For Apple fans, there's nothing scarier than the recurrent medical issues the company's CEO, Steve Jobs, has faced over the past several years. Jobs' increasingly frequent absenteeism from the company has been caused by a host of serious medical conditions that have always been purposefully hidden from the public, and—it should be noted—from shareholders.
It's happening again.
In a typically terse press advisory, Jobs wrote that he was taking another medical leave of absence to focus on his health, and as with previous similar situations, no details were provided about the problem or his condition.
"At my request, the \\[Apple\\] board of directors has granted me a medical leave of absence so I can focus on my health," Jobs wrote in a Monday advisory. "I will continue as CEO and be involved in major strategic decisions for the company. I have asked Tim Cook to be responsible for all of Apple’s day-to-day operations. I have great confidence that Tim and the rest of the executive management team will do a terrific job executing the exciting plans we have in place for 2011."
Jobs has a now-long history of health problems that provide a backdrop of mystery and intrigue to his company's ongoing hype cycle with the media. In 2003, Jobs was diagnosed with pancreatic cancer, and after an ill-advised attempt at alternative medicine, he underwent surgery that at the time was described as almost miraculously successful.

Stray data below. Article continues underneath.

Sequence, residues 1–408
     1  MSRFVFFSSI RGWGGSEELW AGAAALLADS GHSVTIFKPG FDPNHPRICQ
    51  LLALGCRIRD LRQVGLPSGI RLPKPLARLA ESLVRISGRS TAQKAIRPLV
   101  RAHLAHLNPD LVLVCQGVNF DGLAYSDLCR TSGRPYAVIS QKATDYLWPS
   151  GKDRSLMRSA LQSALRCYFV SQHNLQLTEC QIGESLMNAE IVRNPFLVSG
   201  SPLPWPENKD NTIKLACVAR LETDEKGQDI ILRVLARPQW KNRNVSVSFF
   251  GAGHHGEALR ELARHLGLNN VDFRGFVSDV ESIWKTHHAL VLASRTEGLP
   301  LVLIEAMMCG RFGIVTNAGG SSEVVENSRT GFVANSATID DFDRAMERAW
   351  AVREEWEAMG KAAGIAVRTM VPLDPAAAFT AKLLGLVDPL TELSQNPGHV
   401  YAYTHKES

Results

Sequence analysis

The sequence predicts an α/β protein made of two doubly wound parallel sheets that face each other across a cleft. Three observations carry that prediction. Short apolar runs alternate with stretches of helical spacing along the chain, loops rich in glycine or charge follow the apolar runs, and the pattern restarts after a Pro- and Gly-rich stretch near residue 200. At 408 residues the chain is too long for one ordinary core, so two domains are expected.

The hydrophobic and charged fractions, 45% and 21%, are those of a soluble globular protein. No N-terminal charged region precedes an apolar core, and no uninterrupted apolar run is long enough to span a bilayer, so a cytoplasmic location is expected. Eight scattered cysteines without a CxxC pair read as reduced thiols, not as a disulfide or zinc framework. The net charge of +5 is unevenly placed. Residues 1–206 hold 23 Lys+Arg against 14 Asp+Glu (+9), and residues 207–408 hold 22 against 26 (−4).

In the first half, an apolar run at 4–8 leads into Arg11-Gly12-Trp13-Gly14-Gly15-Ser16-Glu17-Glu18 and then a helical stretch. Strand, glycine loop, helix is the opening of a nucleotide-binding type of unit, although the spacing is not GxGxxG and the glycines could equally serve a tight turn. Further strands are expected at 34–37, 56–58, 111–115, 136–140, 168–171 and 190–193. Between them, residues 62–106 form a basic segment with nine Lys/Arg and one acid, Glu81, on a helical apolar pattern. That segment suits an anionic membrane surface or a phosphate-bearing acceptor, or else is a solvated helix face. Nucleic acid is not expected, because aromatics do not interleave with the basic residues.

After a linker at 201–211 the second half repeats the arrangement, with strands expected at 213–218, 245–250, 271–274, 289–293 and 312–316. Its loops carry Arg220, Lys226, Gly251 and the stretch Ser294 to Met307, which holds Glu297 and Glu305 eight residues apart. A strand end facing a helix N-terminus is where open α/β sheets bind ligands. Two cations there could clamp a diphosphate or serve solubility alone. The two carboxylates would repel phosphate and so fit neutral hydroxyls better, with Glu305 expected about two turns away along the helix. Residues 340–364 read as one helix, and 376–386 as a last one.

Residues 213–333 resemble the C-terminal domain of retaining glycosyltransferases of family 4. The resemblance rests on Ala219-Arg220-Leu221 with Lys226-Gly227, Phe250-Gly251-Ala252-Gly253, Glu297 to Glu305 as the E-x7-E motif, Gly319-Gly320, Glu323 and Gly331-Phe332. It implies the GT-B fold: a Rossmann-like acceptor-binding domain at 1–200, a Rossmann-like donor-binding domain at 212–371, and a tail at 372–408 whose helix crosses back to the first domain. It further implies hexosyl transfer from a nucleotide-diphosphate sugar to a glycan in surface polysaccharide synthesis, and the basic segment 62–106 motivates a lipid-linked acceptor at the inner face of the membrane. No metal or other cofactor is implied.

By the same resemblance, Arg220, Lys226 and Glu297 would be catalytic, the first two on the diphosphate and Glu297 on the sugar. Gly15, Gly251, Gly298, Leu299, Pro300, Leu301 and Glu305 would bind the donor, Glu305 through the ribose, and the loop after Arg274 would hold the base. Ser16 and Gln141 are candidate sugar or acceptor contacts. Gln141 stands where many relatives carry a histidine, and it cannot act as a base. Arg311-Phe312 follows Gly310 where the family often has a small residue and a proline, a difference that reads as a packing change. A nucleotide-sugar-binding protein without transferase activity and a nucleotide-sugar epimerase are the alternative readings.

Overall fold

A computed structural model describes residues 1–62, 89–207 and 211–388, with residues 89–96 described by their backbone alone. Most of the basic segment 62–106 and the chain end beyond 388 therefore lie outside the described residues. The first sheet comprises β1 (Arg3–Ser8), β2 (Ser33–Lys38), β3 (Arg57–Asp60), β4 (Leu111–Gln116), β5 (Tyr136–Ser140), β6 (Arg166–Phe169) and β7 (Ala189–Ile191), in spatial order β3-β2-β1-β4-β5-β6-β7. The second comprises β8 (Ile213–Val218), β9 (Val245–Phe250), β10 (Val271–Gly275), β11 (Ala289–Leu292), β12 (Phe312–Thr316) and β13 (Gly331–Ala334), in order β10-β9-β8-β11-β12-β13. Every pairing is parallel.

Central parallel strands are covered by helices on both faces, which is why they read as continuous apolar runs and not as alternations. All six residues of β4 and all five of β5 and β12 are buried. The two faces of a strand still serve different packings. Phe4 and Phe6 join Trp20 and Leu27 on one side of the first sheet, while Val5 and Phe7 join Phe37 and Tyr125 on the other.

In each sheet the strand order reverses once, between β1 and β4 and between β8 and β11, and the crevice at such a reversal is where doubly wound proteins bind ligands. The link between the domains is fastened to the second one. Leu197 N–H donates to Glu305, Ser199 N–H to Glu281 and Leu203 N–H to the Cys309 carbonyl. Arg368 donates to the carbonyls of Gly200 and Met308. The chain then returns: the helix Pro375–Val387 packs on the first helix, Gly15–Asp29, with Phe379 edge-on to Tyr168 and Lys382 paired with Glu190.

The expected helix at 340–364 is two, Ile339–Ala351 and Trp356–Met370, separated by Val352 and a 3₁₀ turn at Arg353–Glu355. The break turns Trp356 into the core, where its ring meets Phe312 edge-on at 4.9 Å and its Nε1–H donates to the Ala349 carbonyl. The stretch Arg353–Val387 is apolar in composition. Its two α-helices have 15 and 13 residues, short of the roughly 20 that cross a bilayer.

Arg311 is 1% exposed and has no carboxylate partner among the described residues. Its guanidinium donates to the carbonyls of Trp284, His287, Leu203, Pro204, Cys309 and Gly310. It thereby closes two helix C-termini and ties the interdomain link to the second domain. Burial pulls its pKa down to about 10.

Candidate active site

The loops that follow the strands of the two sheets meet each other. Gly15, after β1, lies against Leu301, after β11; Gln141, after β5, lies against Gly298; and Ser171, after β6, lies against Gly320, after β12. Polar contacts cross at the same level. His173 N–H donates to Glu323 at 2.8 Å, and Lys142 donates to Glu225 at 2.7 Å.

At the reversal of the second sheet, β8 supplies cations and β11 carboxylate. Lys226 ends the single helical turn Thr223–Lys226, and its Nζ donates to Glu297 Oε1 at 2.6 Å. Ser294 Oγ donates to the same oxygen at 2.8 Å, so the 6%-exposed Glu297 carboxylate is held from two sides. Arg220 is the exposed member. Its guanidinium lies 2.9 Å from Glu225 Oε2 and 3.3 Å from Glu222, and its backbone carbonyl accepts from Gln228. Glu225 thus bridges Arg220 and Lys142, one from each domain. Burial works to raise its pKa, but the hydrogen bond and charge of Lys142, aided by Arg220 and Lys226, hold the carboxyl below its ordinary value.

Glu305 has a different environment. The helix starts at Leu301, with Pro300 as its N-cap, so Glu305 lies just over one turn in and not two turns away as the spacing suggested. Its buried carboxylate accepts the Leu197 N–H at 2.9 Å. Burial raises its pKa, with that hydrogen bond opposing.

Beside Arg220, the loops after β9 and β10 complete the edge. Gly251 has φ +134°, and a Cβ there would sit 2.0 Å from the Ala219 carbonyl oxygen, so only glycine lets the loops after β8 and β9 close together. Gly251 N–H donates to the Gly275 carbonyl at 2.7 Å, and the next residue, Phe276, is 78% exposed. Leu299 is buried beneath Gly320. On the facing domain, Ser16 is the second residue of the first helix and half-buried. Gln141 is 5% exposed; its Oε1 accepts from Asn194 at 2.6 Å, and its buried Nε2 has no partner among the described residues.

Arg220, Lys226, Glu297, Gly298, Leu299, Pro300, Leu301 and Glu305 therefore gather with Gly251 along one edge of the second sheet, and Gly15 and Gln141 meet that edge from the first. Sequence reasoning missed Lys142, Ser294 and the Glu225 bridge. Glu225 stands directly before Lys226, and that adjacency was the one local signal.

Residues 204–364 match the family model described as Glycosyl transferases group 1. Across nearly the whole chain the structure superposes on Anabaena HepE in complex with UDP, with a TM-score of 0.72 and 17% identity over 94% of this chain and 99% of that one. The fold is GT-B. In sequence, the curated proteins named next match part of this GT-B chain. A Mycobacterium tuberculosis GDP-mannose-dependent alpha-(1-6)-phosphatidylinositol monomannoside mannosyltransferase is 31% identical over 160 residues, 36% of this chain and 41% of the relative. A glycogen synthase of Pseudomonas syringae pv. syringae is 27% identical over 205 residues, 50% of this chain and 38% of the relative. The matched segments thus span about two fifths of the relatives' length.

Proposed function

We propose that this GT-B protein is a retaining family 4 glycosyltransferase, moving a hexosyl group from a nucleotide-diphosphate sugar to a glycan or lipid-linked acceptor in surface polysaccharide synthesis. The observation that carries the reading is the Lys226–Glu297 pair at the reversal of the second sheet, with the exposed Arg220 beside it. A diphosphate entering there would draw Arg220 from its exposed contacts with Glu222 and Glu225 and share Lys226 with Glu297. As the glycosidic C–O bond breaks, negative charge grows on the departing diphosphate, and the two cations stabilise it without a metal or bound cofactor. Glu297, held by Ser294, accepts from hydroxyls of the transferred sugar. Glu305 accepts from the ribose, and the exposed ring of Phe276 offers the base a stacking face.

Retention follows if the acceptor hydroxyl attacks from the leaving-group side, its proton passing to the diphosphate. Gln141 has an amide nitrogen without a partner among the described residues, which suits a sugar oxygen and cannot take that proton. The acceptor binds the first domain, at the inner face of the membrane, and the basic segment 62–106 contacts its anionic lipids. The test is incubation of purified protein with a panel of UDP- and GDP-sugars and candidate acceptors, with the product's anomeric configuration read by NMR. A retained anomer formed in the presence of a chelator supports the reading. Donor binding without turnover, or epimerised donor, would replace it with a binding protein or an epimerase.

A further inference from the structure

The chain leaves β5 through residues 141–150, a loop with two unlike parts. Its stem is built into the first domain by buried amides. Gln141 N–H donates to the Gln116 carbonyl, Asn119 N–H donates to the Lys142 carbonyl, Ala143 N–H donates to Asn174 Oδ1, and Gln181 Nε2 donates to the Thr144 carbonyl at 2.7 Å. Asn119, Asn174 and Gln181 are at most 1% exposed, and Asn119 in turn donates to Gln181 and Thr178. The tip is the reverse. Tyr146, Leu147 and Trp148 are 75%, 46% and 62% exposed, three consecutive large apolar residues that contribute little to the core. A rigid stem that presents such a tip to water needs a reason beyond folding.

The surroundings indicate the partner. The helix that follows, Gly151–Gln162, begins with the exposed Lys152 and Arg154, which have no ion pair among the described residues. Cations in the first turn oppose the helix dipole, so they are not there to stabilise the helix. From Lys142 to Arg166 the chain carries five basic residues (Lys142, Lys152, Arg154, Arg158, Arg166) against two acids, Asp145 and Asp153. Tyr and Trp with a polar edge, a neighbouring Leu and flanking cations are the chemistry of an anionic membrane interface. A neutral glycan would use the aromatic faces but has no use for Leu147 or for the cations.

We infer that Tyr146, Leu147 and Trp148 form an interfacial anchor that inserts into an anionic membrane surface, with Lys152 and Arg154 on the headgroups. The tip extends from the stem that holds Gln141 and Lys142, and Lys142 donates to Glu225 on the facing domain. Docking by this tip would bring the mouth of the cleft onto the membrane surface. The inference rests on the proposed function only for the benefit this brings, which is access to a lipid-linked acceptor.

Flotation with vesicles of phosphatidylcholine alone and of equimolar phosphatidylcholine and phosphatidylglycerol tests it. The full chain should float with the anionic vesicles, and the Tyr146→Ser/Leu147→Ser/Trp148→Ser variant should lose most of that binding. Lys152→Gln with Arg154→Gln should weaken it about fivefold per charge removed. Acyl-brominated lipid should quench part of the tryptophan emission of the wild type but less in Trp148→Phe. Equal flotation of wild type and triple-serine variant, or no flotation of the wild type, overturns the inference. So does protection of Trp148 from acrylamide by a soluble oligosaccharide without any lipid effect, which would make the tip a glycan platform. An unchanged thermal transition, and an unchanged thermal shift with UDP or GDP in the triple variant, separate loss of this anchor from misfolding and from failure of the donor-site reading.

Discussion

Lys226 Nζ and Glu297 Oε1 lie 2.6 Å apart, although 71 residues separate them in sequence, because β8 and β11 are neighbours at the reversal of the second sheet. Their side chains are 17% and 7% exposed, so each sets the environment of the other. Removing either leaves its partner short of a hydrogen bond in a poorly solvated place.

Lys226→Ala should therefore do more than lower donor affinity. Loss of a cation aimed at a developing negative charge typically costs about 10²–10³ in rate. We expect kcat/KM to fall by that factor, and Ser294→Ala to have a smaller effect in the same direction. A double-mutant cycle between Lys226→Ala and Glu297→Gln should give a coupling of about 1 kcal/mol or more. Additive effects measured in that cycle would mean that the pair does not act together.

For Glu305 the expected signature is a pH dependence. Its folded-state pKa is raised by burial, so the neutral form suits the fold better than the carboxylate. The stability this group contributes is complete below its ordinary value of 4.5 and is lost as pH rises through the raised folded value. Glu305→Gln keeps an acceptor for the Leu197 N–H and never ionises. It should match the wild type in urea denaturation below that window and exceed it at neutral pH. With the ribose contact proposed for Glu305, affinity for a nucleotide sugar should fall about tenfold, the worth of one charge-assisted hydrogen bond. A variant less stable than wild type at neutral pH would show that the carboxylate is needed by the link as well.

A few years after returning to work, onlookers began commenting on how thin and wane Jobs appeared at press conferences, and in early 2009 he announced that he had a "hormone imbalance," noting that press "curiosity" over his health was "a distraction." But then, just two weeks later, he announced a sudden leave of absence. It was pretty clear that Jobs was suffering from something more serious than what was previously stated.
Jobs then underwent a secret liver transplant in Tennessee amidst charges that he had used his celebrity status to jump to the top of waiting lists. But a spokesperson for the Methodist University Hospital Transplant Institute in Memphis, Tennessee, said at the time that Jobs was simply "the sickest patient on the waiting list at the time a donor organ became available."
Jobs returned to work in June 2009, but he never regained weight and has continued to look thin and frail at the company's continuous press conferences, which are treated by the media as religious revival events instead of the product announcements they are. A big part of the reason for the hype, of course, is Jobs—a master showman and product seller who clearly delights in his role in the spotlight.
Monday's press advisory reads almost exactly like the one Apple issued in January 2009, with the same stated optimism for the company's upcoming products, while noting that the capable Tim Cook will be responsible for Apple's day-to-day operations. And with Apple set to announce what are expected to be blockbuster financial results Tuesday, the company would normally be riding quite a high at this moment.
But now, as in the past, Jobs' health is overshadowing everything. The issue, as before, is one of succession: There simply isn't anyone, inside or outside of Apple, who can effectively follow in Jobs' footsteps. He is unique, an icon, and not just in the tech industry. He's a man who could sell snow to Eskimos, as the saying goes, but can also captivate a crowd like no other.
Best of luck, Mr. Jobs. At moments like this, the partisan technology bickering fades into the background. We are all rooting for you.